The idea of "boy" colors and "girl" colors comes up pretty quick in preschool. That's probably where your son gets the idea. Look in a toy store...the "girl" toys are often in aisles with pink signs and labels. The "boy" toys are blue.

I wouldn't over think it. Your right, it is not necessary to get everything in pink. And sometimes it gets to be a bit much. Sometimes is a bit nauseating. I would just avoid it where you can. Exchange toys if you feel like that's an option and not stress too much over colors.

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answers from Los Angeles on

IMHO, There is such a thing as taking this type of thinking you have here, too far. Be careful.

I fundamentally disagree with your anger towards this issue. Pink is a 'girl' color and boys and girls ARE different. Both are true statements and both are OK.

Instead of throwing the blocks out the window, so to speak, I would focus on teaching both your kids that they can play with any color they wish. That yes, generally speaking pink is for girls and blue is for boys, in the respect that it is a cute way to distinguish the two but that it is absolutely fine for girls to play and like blue and for boys to play and like pink.

This is not an evil idea(lism) that is out to get you or your kids.
Do not let your issue with this take over and have too much power, then you will come across as a 'paranoid weirdo', to use your words.

~I almost didn't respond. I was put off by the way you come across in this post. Just b/c you do not/did not like pink as a girl, that means that your daughter can't and won't either? And it is like nails on a chalkboard for me to hear people say "she refuses to let me" < fill in the blank>. Hello? You are the parent. Exclaiming that your child is a 'free spirit' is no justification for not teaching your child(ren) that you are the parent and that you set the rules. If you want your child to sit still so you can brush her hair than make it so.
Just my .02 cents worth. take it or leave it. I will step down from my soapbox now----->if it makes you feel any better you can push me off! ;)

4 moms found this helpful


answers from Indianapolis on

My favorite color is purple.

Hubby loves to buy everything in pink for our girls.

In the end, it doesn't matter!

You yourself admit that you bought your son a play kitchen but avoided the pink one. WHY? Why is it ok to buy the "boy colors" for a play kitchen but not "girl colors" for blocks or a bike?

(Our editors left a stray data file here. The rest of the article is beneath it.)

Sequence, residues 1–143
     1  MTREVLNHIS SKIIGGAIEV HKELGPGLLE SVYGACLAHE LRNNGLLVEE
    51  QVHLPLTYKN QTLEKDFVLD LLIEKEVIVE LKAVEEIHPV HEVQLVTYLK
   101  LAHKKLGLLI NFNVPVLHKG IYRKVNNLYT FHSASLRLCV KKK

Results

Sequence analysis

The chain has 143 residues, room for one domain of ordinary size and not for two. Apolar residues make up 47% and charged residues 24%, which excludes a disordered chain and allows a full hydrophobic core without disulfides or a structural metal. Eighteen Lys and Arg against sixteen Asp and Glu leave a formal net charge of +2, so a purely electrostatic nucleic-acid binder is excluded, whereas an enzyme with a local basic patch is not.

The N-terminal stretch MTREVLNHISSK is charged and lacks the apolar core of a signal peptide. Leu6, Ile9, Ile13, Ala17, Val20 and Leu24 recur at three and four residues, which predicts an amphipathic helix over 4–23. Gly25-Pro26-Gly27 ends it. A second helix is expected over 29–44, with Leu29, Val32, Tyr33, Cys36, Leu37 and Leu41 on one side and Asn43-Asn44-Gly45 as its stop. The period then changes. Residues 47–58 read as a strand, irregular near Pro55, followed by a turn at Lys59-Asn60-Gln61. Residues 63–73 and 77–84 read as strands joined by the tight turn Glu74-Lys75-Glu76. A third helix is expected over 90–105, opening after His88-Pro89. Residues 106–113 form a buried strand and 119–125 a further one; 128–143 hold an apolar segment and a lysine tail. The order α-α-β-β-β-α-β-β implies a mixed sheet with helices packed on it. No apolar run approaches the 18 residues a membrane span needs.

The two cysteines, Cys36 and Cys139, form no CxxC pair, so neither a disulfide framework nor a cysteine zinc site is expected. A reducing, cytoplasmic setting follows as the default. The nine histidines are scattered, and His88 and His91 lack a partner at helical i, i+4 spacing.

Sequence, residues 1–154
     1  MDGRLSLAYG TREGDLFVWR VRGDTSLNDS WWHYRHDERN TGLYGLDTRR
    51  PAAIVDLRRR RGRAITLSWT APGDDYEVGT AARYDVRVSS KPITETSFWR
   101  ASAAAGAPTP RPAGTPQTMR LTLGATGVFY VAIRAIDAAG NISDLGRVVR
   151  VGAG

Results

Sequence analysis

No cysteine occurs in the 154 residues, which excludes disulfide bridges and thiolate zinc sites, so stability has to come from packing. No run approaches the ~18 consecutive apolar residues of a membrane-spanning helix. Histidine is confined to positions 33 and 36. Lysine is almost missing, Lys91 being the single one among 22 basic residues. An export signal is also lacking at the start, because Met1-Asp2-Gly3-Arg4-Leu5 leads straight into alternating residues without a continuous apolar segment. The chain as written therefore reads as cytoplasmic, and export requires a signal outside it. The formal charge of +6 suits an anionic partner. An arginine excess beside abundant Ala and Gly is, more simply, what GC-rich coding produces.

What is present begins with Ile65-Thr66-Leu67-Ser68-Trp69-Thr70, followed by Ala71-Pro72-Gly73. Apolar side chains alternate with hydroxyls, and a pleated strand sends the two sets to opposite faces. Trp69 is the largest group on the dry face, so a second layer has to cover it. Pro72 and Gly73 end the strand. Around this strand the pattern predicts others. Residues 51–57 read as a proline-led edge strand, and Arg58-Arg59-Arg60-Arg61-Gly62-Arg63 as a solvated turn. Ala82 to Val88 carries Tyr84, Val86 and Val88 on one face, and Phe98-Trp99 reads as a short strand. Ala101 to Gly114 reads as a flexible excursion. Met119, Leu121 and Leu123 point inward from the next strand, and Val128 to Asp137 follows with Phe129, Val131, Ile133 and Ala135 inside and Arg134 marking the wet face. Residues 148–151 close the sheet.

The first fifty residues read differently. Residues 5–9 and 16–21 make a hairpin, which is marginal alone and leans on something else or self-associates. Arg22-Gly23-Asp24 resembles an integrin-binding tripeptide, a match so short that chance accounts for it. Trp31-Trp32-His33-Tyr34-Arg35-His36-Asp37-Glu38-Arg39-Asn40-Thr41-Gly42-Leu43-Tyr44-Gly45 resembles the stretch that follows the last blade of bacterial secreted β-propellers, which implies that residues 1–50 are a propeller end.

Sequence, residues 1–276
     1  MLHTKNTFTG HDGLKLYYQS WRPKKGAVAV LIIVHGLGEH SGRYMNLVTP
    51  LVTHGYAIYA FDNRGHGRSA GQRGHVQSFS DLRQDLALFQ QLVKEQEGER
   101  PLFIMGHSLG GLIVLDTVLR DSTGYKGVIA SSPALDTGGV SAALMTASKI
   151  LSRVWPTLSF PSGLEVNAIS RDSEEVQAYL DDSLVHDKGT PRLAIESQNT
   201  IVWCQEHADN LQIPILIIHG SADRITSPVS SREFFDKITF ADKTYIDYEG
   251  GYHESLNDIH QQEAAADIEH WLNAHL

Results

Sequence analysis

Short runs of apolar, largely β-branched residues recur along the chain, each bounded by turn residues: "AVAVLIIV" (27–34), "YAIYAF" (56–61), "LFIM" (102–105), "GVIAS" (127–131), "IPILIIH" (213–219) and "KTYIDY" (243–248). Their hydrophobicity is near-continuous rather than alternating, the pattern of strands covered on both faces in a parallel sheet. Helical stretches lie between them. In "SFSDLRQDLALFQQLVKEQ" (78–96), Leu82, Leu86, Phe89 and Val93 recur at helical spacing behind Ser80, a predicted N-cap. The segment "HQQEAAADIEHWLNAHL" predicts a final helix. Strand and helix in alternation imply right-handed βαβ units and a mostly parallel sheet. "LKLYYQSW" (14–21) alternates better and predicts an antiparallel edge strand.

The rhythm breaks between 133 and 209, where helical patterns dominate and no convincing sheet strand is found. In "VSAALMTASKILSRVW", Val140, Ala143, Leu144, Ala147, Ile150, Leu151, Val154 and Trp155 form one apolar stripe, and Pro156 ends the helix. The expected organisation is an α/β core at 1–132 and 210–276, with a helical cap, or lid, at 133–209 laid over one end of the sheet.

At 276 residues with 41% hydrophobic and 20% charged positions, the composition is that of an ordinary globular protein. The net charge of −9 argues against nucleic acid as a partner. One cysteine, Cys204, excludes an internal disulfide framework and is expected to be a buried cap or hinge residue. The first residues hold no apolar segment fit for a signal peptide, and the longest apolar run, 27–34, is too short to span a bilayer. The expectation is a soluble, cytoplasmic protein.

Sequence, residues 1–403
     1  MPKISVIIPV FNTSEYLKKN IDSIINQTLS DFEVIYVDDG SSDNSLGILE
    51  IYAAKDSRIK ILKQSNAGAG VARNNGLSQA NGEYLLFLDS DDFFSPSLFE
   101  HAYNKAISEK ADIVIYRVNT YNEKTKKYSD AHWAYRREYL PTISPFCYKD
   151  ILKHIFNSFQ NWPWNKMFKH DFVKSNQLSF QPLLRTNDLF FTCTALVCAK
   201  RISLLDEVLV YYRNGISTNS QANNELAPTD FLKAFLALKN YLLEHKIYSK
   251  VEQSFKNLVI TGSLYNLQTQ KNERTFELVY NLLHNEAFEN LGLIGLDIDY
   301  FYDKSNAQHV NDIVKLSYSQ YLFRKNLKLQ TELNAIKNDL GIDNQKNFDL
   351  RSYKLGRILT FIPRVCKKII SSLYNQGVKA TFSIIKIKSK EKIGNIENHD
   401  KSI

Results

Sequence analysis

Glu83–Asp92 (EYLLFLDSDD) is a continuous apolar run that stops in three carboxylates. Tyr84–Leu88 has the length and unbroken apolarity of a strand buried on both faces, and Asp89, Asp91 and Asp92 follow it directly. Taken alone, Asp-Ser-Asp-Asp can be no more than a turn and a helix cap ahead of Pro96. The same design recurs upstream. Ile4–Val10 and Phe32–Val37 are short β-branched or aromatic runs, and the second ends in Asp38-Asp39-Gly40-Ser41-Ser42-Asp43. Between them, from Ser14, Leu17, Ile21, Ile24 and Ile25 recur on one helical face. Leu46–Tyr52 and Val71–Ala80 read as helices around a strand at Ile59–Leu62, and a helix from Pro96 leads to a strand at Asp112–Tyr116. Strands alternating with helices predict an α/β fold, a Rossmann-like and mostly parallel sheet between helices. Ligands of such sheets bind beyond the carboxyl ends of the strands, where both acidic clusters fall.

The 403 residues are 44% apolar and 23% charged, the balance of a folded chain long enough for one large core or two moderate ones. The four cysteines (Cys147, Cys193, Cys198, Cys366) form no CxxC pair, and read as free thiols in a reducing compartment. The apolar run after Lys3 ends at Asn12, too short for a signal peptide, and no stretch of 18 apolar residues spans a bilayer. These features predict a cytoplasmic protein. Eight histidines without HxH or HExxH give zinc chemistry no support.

I think this is your issue. And you need to stop projecting it onto your children. My mother forced me to wear dresses and do all those girly things. And now at 26 I don't even own a dress. Your children will like what they like, no matter what you do.

2 moms found this helpful


answers from Grand Forks on

I'm not a fan of the colour pink. I find it really refreshing when I see little girls dressed in green and blue etc. When I was a girl I loves blue and orange. If I had a girl I would not have purchased a lot of pink stuff because I would want gender nuetral items that would be used by boys as well. I wouldn't make a boy wear his sisters hand me down pink boots or sit in her hand me down pink car seat etc. I'm sure many girls will choose pink because they are conditioned to it through marketing, and because their friends have pink and it is natural to want to be like your friends. It is fashionable for girls to like pink. Boys also want to be like other boys. It's normal. There is a difference. I'm not saying that a boy should not wear pink or have pink things, but he shouldn't be forced to.

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answers from Pittsburgh on

My son is a pretty cool 8 yo if measured by the yardstick of today's children, AND parents. He is a great athlete(sadly this is most important I have found), extremely intelligent and is very sweet. And his favorite color is pink. Whenever there is a color choice that is what he goes with. That he has never cared what people thought speaks to his confidence in himself and that he is not a follower. This is the value that I have worked to instill rather than any gender-equality type of thing. Maybe that's because I don't have girls in the mix-who knows. It just doesn't bother me at all. I love pink and am proud of it. Hate blue and always have. My theory is that our color choices are a little bit pre-wired and for whatever reason the blue side of the wheel apeals to males more.
I think if I had a daughter I would probably teach her to be proud of who she is-even her love of pink. As a woman in 2013 I just feel that we should have surpassed that kind of thing.

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answers from Washington DC on

I don't specifically buy or hate pink. My DD is just as likely to play with Transformers and dinos as she is to dress up frilly. Does she like pink? Sure. And purple and green. I would simply tell them that you understand that they were going for "cute" but there's no reason DD can't use regular colored blocks and it causes less fighting if all the blocks are the same. Small differences have been the bane of mothers for centuries. But I also wouldn't overthink a pink bike. My DD has a pink trike, but a red/blue shopping cart.